New retail projects in the works for the Northwest include construction near the Tucson Mall at the southeast corner of Oracle and Wetmore roads.
"The project has a national lineup of prospective tenants, including a possible new store for Home Depot," Heslop said.
At Orange Grove and River roads, new retail buildings are under construction, she said, including a Bedosian tile showroom and warehouse and a WestStar Appliances.
Larsen Baker's new Design Center at Orange Grove and Thornydale roads is attracting furniture retailers, Heslop added, and a 46,000 square foot Sportsman's Warehouse is slated for the CostCo Plaza area off of Thornydale.
One area where the Northwest has cool real estate forecasts is in the ranch and farm land sectors. Richard E. Johnson, associate broker at Tucson Realty & Trust Co., said the Northwest and Marana have seen little activity in those sectors, especially considering most of the existing cotton farms are on state land.
Despite this, Tucson Realty & Trust Co. has high hopes for the coming months.
Last year "was an all-time, record-setting year for home closings, single-family residence permits issued and the average home sale price, which has a direct correlation to the land market, which also experienced its best year since 1986," Jones said.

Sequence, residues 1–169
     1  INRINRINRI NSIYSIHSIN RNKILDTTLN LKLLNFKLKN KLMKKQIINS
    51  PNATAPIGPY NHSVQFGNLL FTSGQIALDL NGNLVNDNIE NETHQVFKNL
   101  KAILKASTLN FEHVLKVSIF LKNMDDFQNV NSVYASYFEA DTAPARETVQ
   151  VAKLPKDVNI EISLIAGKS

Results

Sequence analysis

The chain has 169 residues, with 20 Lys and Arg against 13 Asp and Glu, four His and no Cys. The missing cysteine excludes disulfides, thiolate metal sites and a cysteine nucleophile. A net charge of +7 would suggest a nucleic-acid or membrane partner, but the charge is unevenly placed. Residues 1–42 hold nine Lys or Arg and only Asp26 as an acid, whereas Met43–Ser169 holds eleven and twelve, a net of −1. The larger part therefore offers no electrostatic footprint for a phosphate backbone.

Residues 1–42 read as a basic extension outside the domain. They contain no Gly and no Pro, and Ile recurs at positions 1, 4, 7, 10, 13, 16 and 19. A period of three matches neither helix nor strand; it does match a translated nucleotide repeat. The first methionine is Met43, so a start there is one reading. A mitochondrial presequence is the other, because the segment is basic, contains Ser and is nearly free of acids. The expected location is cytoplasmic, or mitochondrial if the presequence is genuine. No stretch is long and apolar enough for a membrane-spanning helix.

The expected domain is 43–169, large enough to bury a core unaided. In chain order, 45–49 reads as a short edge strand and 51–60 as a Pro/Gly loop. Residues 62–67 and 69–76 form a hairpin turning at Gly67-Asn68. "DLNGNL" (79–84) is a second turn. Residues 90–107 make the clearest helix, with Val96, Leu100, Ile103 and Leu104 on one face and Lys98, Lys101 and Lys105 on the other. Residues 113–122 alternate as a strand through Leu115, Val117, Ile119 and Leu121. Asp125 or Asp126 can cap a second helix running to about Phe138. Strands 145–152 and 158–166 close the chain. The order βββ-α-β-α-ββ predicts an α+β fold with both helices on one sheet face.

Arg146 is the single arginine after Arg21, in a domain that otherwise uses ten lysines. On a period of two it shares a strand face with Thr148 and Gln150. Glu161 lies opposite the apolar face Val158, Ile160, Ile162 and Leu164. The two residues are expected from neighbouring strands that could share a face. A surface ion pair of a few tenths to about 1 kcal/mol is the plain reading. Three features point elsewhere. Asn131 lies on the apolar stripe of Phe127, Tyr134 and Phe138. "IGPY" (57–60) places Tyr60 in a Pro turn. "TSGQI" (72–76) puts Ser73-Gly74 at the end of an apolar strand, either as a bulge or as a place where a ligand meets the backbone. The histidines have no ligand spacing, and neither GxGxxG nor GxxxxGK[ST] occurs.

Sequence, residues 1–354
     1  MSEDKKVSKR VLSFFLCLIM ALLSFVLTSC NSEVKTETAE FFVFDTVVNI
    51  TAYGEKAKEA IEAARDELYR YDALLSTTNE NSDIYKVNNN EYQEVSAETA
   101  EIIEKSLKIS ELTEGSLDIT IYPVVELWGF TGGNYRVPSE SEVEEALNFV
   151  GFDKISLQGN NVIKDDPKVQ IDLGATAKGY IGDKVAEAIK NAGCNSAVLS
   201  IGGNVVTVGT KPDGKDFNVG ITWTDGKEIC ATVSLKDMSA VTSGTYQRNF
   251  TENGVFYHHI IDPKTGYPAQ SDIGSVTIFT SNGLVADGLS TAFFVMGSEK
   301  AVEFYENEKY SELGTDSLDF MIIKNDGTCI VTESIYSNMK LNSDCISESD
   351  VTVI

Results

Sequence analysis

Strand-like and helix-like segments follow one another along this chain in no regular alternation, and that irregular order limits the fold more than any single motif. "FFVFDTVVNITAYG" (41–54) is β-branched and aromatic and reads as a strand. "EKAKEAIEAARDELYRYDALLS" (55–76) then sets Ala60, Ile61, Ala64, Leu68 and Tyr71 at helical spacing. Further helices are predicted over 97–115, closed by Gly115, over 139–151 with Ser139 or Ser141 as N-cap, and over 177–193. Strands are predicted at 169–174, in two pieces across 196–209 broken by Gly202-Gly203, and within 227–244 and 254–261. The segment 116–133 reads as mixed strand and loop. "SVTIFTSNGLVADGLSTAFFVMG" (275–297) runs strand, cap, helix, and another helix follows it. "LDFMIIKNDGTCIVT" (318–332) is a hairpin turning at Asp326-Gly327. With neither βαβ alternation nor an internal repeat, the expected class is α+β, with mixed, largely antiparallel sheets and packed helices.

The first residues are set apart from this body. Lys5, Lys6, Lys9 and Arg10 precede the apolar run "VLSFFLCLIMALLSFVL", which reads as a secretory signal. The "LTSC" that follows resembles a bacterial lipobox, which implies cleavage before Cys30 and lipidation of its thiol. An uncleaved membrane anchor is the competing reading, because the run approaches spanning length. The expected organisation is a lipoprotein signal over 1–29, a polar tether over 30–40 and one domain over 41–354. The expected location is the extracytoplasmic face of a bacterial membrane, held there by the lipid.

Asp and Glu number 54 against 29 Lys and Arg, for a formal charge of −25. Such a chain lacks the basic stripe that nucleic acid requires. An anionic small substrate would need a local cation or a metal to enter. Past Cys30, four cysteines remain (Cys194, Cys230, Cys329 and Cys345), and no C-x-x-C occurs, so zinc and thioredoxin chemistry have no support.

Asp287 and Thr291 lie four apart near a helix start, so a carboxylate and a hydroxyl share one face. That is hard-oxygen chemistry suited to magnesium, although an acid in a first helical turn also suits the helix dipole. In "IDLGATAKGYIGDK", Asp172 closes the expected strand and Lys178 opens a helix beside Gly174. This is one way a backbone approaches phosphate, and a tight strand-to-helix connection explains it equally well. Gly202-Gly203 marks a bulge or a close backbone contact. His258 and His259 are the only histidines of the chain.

Heslop said the retail forecast also is sunny, with more shopping options throughout the city and vacancies declining.
But Marshall Vest, director of the Economic and Business Research Center at the University of Arizona, tempers the news of this still piping-hot market with what could be the sobering reality of a real estate bubble on the verge of popping.
"People are eager to buy because they want to get in on the run-up in prices and that's OK as long as prices keep going up," Vest said. "But if for some reason that flow of money was interrupted or if investors got nervous and decided that the market had peaked and that money disappeared and everybody put their newly acquired property on the market, then the market could turn on a dime."
Vest said he expects the market to stay level at least partially through the year, but said he will be keeping an eye on the supply of available real estate and the expectations of those looking to buy or sell.
"Number one is the inventory of unsold homes," Vest explained. "Right now inventories are very low. If inventories go up, that's the first indication of trouble. If buyers start canceling contracts, that's another indication that the market is about to change."
Keeping expectations realistic also is a key to maintaining market stability.
"Many buyers are expecting housing prices to go up 20 percent a year each and every year for the next five or 10 years, and it's not going to happen," he said. "Housing prices normally go up about the same rate as overall inflation. Nowadays the core rate of inflation is two percent. Unreasonable expectations for future price increases is what you need to guard against."
"I can't tell you whether there's a bubble but I'm seeing some of the symptoms you find in overextended markets, bubble kinds of markets," Vest said. "But at some point this tremendous flow of money is going to ebb and the run up in prices is going to disappear and prices will be flat, probably for an extended period of time."